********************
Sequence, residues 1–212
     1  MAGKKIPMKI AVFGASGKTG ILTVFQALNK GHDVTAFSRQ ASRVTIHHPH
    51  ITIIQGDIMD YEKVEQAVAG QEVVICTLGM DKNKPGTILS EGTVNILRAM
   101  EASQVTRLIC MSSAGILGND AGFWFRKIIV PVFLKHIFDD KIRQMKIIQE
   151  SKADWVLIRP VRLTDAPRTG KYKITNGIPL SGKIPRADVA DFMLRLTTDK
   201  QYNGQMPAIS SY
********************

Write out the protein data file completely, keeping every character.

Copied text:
Sequence, residues 1–212
     1  MAGKKIPMKI AVFGASGKTG ILTVFQALNK GHDVTAFSRQ ASRVTIHHPH
    51  ITIIQGDIMD YEKVEQAVAG QEVVICTLGM DKNKPGTILS EGTVNILRAM
   101  EASQVTRLIC MSSAGILGND AGFWFRKIIV PVFLKHIFDD KIRQMKIIQE
   151  SKADWVLIRP VRLTDAPRTG KYKITNGIPL SGKIPRADVA DFMLRLTTDK
   201  QYNGQMPAIS SY